Coughs are common, and not just limited to the winter season. Coughing is a symptom, not a diagnosis. Most coughs are caused by viral illnesses, and will resolve without treatment, although the cough often persists long after the illness has resolved. Allergies are a common cause of coughing this time of year. Persistent coughing may also be a sign of gastric reflux. A cough may be a side effect of prescription medication. Although mosts coughs are annoying, but benign, coughing may be a symptom of a more serious condition. A cough that is productive of colored phlegm, or associated with fever, may be a sign of pneumonia. A cough associated with blood tinged phlegm may be a sign of malignancy. A cough that persists beyond 2 weeks should be evaluated by a physician.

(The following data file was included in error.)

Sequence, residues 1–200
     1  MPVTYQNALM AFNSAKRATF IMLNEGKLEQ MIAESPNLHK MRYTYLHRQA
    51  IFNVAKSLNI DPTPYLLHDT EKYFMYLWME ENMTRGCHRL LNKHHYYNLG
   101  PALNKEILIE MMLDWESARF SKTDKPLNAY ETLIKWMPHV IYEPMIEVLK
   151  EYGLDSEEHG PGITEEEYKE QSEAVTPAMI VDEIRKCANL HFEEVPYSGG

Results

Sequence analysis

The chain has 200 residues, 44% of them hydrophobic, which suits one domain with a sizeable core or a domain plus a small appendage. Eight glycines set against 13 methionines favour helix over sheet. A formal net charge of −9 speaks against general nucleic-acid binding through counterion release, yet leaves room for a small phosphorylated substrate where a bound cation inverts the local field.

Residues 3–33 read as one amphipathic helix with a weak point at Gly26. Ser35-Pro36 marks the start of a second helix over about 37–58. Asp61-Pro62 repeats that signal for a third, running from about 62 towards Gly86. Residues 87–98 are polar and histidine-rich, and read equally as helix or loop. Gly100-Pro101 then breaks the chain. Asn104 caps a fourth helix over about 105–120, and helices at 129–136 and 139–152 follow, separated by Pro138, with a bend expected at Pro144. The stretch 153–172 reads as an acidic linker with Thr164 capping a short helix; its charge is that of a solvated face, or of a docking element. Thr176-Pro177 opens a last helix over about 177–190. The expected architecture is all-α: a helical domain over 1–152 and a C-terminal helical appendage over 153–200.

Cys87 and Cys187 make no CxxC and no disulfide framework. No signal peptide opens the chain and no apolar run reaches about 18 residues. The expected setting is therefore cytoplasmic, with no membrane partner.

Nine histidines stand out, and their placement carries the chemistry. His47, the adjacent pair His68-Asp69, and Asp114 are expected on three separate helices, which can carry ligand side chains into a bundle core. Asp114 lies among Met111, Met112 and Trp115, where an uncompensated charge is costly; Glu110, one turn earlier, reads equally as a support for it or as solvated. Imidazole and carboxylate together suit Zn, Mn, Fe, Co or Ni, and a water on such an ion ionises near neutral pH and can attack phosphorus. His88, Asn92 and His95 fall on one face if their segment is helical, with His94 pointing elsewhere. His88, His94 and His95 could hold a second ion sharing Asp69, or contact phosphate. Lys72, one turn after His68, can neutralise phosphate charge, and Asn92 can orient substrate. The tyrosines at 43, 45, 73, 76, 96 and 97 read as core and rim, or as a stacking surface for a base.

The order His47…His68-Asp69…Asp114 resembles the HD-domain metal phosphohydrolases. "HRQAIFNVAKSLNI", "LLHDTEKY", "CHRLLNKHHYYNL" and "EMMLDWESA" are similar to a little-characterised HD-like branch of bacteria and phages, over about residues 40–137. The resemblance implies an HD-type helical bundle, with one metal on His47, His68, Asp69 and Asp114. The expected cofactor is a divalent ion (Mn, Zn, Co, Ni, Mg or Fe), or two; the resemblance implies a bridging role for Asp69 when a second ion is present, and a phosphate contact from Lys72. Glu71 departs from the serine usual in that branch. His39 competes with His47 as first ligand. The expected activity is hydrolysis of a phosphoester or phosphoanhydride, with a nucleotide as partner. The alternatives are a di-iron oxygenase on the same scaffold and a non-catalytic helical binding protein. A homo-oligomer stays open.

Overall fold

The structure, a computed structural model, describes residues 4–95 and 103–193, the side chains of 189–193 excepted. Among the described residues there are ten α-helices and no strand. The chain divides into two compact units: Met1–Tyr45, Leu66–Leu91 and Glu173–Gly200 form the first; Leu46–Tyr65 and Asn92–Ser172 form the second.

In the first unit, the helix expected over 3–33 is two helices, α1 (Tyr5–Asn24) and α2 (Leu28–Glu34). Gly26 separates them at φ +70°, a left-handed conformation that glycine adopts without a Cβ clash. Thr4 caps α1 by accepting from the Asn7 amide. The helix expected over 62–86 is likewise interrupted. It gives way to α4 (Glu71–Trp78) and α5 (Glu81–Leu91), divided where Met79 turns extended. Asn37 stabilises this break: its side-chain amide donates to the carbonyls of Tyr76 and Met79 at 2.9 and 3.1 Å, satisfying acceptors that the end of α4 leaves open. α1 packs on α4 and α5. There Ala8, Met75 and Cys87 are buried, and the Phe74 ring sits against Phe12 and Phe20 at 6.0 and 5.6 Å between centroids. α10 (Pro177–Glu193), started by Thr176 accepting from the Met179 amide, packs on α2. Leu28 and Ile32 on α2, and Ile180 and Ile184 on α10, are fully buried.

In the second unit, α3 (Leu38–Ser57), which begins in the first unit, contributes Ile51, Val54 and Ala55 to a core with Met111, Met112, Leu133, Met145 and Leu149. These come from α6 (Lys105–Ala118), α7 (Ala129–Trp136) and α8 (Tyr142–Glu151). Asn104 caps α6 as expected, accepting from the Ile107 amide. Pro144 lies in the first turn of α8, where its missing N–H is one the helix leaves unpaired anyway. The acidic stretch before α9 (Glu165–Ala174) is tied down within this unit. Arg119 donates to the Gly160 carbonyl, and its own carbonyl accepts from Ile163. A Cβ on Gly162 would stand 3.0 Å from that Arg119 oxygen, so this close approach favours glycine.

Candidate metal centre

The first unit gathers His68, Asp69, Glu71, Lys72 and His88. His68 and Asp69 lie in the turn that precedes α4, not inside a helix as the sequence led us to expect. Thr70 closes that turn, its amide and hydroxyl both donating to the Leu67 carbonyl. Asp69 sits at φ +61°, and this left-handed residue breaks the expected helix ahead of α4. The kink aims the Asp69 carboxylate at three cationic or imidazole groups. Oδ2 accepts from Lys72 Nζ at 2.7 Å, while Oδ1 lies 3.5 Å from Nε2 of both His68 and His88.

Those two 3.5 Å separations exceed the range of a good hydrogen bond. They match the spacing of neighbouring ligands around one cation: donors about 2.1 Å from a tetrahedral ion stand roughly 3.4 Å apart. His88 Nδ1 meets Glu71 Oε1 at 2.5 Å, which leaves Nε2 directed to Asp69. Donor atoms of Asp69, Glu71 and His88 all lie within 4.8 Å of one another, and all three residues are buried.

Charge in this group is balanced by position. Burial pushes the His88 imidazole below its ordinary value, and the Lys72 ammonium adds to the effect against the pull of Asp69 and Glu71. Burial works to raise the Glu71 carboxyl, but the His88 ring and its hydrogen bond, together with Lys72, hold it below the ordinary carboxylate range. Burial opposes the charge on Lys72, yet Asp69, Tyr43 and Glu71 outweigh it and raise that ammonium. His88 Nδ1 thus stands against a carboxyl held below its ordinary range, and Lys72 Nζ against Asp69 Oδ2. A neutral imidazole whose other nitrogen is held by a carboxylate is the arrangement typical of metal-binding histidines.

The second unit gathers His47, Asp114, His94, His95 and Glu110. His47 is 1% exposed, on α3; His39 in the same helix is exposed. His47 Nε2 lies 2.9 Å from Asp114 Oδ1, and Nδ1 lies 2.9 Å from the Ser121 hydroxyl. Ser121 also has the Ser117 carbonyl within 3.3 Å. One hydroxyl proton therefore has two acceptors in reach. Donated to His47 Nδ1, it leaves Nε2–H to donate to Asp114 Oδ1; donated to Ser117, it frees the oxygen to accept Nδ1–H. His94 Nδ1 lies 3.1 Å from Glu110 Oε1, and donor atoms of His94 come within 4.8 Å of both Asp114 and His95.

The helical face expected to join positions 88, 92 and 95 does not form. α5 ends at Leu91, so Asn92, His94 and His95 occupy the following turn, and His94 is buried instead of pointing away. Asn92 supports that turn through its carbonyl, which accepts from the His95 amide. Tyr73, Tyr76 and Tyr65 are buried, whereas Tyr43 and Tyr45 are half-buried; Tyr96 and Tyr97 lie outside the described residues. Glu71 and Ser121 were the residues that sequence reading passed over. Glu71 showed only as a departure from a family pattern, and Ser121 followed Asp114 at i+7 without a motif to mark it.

There are many cough “remedies”, but most are ineffective, particularly over the counter cough suppressants. There are a number of steps you can take to reduce coughing:
Drink plenty of water, hydration thins the secretions of mucous.
Take cough drops with menthol or eucalyptus.
Sleeping with your head elevated can be helpful-it reduces post-nasal drip and acid reflux.
Use a saline or xylitol nasal spray to clear mucous.
If the cough is waking you up at night, try taking a antihistamine like benadryl at bedtime to reduce post-nasal drip.
Have honey which is a natural, homeopathic cough suppressant.
If you have heartburn or a history of acid reflux, try taking an antacid at bedtime like Zantac or Pepcid.
Once again, coughs are common(and annoying), and will usually resolve without the need of a trip to the doctor. If the cough persists, or there are concerning symptoms such as fever, difficulty breathing, or evidence of bleeding, a visit to the doctor is indicated.